Pregnant patients with active lupus nephritis have a higher incidence of maternal and fetal complications compared with patients who have systemic lupus erythematosus (SLE) without renal involvement, researchers reported in Lupus (2009;18:342-347).

The investigators studied 58 patients with 90 pregnancies. Pregnancies in patients with active renal nephritis were associated with a 57% incidence of maternal complications vs. 11% of pregnancies in SLE sufferers without renal involvement.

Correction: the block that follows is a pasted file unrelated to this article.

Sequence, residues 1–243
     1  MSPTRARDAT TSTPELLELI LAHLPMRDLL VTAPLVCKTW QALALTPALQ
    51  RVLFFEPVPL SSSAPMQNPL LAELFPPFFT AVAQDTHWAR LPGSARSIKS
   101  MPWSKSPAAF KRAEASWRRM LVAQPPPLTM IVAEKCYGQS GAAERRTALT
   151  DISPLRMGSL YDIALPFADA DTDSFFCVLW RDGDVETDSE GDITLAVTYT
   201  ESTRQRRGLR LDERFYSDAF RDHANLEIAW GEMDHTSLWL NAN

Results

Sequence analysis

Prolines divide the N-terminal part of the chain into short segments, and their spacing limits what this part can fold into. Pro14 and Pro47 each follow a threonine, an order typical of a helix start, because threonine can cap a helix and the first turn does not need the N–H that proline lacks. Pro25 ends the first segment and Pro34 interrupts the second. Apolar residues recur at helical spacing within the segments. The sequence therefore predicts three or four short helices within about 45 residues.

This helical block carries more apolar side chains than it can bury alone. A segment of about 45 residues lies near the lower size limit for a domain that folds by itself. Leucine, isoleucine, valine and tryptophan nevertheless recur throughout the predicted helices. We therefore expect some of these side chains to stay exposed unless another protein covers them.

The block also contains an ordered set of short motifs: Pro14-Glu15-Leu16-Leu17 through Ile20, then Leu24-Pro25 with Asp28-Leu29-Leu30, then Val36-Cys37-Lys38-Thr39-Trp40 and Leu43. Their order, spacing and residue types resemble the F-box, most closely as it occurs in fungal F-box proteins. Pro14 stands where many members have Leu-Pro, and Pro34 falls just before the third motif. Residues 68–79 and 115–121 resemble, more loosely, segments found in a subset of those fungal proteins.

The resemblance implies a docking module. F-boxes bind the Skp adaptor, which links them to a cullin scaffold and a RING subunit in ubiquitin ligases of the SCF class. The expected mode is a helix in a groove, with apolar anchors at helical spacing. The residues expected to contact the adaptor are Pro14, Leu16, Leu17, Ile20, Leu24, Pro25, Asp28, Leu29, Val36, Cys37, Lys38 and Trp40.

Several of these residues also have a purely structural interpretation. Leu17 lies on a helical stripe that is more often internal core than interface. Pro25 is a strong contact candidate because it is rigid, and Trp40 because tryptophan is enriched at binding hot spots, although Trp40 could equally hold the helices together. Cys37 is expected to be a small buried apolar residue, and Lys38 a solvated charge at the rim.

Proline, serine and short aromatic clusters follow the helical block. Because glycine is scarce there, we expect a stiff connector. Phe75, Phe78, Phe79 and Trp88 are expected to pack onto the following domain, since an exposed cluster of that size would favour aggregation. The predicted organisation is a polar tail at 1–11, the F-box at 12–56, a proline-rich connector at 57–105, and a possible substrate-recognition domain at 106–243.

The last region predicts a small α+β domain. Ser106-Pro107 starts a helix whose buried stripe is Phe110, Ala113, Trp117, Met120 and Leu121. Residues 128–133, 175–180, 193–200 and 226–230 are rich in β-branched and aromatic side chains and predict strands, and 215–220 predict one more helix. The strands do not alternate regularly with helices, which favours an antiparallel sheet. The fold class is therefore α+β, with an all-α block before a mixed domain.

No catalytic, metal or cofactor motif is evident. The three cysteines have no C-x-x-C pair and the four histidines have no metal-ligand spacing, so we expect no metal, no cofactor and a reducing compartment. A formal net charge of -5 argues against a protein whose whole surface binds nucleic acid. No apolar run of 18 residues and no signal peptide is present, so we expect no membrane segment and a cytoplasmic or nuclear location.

Women with active lupus nephritis were more likely to deliver preterm than those without lupus nephritis (median 34 weeks vs. 40 gestational weeks, respectively) and more likely to suffer fetal loss (35% vs. 9%), according to investigators.

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The researchers defined active lupus nephritis as the presence of proteinuria greater than 0.5 g/day and/or active urinary sediment with or without an elevation in serum creatinine.